Dr Jamie Bakkum-Gamez Discusses the Importance of Genetic Testing After Ovarian Cancer Diagnosis

Jamie Bakkum-Gamez, MD, associate professor of obstetrics and gynecology and Gynecologic oncologist at Mayo Clinic, talks about the importance of a patient receiving genetic counseling after an ovarian cancer diagnosis. 

Why is genetic counseling so important after a patient is diagnosed with ovarian cancer?

Thank you for asking this question I think this is really, really important. A lot of patients and providers don't realize that ovarian cancer has a huge genetic component as far as the causes of it. About 20% of women who are diagnosed with an ovarian cancer actually have a gene mutation that caused it. When I say gene mutation, I mean something that they inherited, something that they could potentially pass onto their children, or be sharing with a sibling. 

Ovarian cancer is one of the most lethal cancers that a woman can be diagnosed with. In fact, 75% of the time it's diagnosed at an advanced stage. We don't have a screening test for it so picking it up early is really by luck or by chance. In women who are diagnosed with advanced stage, the liklihood of them being alive at 5 years is around 60%– again, that is because this is a highly lethal disease.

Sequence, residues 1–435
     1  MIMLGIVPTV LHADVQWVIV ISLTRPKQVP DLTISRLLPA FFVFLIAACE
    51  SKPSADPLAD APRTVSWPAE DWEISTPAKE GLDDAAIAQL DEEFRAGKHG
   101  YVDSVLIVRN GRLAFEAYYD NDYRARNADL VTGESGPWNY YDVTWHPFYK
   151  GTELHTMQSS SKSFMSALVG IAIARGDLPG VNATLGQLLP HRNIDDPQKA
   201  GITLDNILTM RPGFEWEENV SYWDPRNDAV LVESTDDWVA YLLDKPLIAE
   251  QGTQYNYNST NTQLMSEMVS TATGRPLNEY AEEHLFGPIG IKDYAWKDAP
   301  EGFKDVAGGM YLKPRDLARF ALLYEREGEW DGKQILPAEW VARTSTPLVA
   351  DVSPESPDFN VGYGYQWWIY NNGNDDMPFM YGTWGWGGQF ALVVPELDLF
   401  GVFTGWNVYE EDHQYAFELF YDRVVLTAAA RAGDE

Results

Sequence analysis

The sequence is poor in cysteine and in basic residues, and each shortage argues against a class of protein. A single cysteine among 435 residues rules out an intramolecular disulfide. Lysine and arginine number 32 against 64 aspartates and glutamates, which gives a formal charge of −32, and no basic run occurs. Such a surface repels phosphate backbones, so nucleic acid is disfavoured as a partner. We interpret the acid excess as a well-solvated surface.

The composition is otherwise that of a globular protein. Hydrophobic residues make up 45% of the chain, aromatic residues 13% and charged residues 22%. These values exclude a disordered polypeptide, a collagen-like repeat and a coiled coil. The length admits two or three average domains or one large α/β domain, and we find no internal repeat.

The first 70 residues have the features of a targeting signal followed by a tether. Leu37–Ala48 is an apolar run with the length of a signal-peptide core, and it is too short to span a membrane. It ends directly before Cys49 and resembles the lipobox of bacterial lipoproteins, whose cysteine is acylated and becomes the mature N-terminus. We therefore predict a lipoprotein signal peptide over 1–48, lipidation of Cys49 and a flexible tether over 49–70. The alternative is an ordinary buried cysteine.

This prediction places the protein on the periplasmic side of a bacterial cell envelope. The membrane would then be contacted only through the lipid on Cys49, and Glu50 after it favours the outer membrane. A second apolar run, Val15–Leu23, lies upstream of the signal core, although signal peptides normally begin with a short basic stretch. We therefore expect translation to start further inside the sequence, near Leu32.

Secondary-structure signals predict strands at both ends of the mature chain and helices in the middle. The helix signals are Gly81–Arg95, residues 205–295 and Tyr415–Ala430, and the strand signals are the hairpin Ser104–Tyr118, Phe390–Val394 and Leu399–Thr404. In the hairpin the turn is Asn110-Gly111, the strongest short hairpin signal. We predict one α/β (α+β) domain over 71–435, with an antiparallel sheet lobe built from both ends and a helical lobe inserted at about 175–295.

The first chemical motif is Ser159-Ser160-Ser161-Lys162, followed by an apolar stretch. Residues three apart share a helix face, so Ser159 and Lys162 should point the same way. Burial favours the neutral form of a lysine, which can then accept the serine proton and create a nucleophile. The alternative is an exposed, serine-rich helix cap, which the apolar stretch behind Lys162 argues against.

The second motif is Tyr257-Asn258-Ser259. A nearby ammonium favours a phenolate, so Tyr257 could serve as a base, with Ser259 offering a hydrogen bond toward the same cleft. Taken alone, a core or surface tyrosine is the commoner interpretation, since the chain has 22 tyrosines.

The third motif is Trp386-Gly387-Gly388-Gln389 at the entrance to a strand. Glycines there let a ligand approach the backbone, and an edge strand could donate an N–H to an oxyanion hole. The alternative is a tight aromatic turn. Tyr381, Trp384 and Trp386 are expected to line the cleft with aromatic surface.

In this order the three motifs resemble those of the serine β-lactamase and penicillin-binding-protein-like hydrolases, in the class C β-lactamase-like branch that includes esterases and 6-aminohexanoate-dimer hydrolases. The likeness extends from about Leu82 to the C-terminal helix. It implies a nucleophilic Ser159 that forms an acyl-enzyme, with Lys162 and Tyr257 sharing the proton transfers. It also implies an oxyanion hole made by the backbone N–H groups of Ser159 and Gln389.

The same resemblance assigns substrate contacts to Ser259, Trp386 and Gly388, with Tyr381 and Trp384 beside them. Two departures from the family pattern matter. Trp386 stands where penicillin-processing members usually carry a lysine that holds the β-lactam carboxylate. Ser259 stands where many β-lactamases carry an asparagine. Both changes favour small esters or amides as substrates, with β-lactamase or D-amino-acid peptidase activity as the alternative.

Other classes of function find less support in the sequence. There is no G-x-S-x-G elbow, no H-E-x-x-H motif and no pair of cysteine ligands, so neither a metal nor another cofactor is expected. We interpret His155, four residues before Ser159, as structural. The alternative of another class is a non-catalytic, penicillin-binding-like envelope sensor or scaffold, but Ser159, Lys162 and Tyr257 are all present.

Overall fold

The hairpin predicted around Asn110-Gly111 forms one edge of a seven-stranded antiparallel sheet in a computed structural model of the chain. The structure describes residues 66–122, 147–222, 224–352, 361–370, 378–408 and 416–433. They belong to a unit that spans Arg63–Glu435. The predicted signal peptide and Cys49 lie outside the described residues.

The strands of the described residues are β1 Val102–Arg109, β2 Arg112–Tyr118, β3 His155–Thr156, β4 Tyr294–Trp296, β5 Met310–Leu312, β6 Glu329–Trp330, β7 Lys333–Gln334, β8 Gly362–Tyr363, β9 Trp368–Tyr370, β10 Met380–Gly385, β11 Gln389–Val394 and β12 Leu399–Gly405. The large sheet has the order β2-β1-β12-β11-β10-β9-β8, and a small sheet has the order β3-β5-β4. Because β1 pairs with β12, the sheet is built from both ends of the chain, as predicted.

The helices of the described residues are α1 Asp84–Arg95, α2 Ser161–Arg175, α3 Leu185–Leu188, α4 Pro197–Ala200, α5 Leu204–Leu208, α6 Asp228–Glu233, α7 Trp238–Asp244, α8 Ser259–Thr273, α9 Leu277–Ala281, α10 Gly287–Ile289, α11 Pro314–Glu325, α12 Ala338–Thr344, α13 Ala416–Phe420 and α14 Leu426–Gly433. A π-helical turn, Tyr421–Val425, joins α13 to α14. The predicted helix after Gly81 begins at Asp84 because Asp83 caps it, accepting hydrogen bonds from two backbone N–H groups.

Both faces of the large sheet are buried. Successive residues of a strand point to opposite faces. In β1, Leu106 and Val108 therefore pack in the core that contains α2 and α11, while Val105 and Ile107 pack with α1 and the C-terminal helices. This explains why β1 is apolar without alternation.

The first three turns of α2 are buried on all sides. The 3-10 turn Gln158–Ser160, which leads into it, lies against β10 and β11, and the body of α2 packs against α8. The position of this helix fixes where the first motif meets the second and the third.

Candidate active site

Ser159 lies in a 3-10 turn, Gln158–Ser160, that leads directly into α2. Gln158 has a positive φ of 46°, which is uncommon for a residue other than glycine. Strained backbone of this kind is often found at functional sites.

Women who are diagnosed with an ovarian cancer should be seen by a genetic counselor. Basically what will happen when they're seen by a genetic counselor is that the genetic counselor will go through their family history, personal history, and look for other signs that may indicate a genetic mutation that caused the cancer. 

So, ovarian cancer tends to travel with breast cancer, so it's important for women to know that a strong family history of breast and/or ovarian cancer should prompt genetic counseling. The National Comprehensive Cancer Network [NCCN] basically has guidelines for when women should be referred for genetic counseling. A personal diagnosis of ovarian cancer is all you need to be recommended for genetic counseling. 

The Society of Gynecologic Oncology also has a statement supporting the fact that women should be referred for genetic counseling if they have this diagnosis. At Mayo Clinic, in 2015, we looked at our genetic counseling referral rates for women with ovarian cancer diagnosis. It was a quality improvement project actually, and we defined what our current rate was, and it was 20%. Which really– we weren't compliant then essentially with NCCN guidelines. And so we implemented a bundled approach that included patient education, order sets and referral guideline implementation into the electronic medical record for each woman diagnosed with ovarian cancer. 

Patient education– not just through check lists of risks factors but also education in the form of a short video that they watched in the hospital after their surgery. What we were able to do is we were able to increase our rates of referral from our pre or historic referral rate which by the time we implemented the project we actually moved the needle a little bit already, we were at 40% referral. But with our quality improvement project, we actually went up to 77% referral rate. 

So, we're continuing to try to refine that because ideally we do want to chase 100% because all of these women really should be seen for genetic counseling and offered genetic testing.
Print | AJMC Printing...